Hoop rolling was a Greco-Roman game, played by both youths and adults, in which a large ring was rolled, chased after, and struck by a stick or some instrument to keep it moving. While not typically considered a sport in itself, this game was physically exerting and focused on a central goal: to keep the hoop rolling as long as possible. Sometimes other challenges were incorporated, such as jumping through the hoop as it rolled or throwing spears through it. Other variations of this game have been played by many societies throughout history, but within Greco-Roman culture, hoop rolling was quite popular, and even tied in with military training in some cases.
Despite hoop rolling’s modern associations with childishness, the game was considered fairly sporty and masculine in Greco-Roman culture. Hoop rolling was even practiced as an athletic activity in the Greek gymnasium, suggesting men 18 and older engaged in the game as well. It was not featured as an event in any of the Panhellenic games, however.
Origins and History
The earliest references to hoop rolling in Greco-Roman culture lie in Greek vase paintings dating from 5th century BC, as early as 450 BC. The number of paintings depicting hoop rolling suggest the sport was quite pervasive in Greek culture. Likely due to the crossover between Greek and Roman culture in the ensuing centuries, Roman society picked up the game as well, where it seems to have been nearly as pervasive.
It is doubtful that hoop rolling games from other cultures throughout history had much influence on, or were influenced by, Greco-Roman hoop rolling. In addition to a lack of evidence to suggest this, such a simple game could very easily be invented independently in different cultures, just like the development of ball games like catch or juggling.
How to Play
The basis of the game was to strike a hoop with a stick, chase after it, and continue to strike it to keep it rolling as long as possible. Beyond this, the Greeks and Romans added other objectives to make the game more interesting. In one Greek gymnastic variation, the goal was to keep jumping through the hoop while maintaining its roll. Sometimes Roman men and youth would throw spears through the hoop as it rolled as a form of both recreation and military training.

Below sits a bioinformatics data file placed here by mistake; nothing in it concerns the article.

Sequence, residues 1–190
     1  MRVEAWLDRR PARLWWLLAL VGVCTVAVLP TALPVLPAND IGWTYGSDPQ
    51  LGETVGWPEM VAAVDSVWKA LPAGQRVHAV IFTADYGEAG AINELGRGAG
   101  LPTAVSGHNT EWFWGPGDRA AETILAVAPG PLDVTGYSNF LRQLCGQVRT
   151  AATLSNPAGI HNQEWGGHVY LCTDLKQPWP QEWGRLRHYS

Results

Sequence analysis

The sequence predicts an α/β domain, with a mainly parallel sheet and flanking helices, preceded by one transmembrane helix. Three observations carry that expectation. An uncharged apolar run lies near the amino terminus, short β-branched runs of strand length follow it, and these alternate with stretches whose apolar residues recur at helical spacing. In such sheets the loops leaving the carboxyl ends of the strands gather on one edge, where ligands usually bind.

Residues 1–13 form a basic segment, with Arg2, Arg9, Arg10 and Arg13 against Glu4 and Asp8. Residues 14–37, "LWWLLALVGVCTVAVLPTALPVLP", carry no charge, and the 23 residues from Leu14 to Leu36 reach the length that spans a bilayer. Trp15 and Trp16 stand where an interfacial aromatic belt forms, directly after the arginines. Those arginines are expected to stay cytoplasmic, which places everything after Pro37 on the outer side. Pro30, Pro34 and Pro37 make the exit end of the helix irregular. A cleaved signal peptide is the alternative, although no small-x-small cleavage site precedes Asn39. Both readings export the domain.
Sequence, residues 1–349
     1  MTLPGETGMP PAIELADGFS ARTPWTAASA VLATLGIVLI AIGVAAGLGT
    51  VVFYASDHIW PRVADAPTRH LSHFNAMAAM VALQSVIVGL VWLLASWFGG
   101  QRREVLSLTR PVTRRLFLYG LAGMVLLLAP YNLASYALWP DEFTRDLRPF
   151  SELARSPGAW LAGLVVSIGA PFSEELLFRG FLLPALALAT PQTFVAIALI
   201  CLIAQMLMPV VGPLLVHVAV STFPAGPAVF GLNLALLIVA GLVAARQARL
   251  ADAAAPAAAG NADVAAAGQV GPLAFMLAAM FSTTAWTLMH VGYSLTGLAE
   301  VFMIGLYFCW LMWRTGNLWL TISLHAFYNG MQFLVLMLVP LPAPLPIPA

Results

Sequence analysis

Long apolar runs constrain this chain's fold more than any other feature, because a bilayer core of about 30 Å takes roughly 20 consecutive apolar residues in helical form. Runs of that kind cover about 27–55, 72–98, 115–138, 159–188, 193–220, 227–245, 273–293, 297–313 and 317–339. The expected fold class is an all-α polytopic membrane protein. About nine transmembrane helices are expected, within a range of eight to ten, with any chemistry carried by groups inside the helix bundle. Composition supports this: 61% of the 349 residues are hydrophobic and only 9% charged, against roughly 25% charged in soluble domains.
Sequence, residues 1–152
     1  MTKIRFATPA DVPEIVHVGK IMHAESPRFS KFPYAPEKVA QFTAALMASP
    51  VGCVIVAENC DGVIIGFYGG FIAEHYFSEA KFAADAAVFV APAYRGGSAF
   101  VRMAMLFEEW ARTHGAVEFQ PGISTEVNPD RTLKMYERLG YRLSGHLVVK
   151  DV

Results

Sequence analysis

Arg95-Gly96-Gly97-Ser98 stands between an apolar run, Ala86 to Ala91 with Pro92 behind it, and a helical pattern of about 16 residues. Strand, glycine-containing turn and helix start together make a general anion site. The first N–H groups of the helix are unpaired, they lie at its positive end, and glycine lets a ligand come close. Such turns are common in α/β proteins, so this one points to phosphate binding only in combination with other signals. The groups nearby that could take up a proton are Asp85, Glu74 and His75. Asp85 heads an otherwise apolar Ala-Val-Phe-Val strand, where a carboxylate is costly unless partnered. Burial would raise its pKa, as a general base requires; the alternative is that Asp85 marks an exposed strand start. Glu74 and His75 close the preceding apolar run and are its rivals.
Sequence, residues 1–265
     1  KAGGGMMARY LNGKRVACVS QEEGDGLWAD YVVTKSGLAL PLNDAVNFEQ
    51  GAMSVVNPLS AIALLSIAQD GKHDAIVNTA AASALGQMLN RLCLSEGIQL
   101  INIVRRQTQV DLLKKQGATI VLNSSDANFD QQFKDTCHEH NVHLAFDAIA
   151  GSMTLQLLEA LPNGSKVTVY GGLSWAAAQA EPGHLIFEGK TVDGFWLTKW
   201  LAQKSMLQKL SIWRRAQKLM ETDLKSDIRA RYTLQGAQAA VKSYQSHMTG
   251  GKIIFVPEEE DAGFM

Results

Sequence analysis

The hoop used by the Greeks, called the krikoi in Greek, was constructed of metal and made to be just below the player’s chest height. This allowed for certain acrobatics with the hoop, such as jumping through it while rolling. As such, players would have difficulty using a hooping that was not designed for someone of their stature. To drive the hoop, the Greeks used a stick called an elater, which translates to “driver.” Based on depictions of the game, the elater typically measured 6 to 12 inches, though its construction material is unknown. It could be that the material didn’t matter, and that any item used to drive the hoop was called the elater.
The Roman hoop was called the trochus. As the Greeks sometimes used this Latin term interchangeably with the Greek word krikoi, these hoops were likely one in the same, or at least measured roughly the same in diameter. However, when Roman children played the game, they would often attach metal rings around the shaft of the hoop that would slide freely, their jingling warning passersby of the approaching hoop. The driver, called the clavis, was typically made of metal with a wood handle. Aside from these minor variations, the practice in Greek culture and Roman culture appears to have been practically identical.
König, J. (2005). Athletics and literature in the Roman empire. Cambridge: Cambridge University Press.
Delaney, T., & Madigan, T. (2015). The sociology of sports: An introduction, 2nd ed. Jefferson, NC: McFarland.
Groos, K., & Baldwin, E. L. (2011). The play of man. Ulan Press.
Smith, W., Wayte, W., & Marindin, G. E. (1890). A dictionary of Greek and Roman antiquities. London: J. Murray.
Plummer, E. M. (1898). Athletics and games of the ancient Greeks. Cambridge, MA: Lombard & Caustic, Printers.
Pulleyn, W. (1853). The etymological compendium; or, Portfolio of origins and inventions. London: W. Tegg.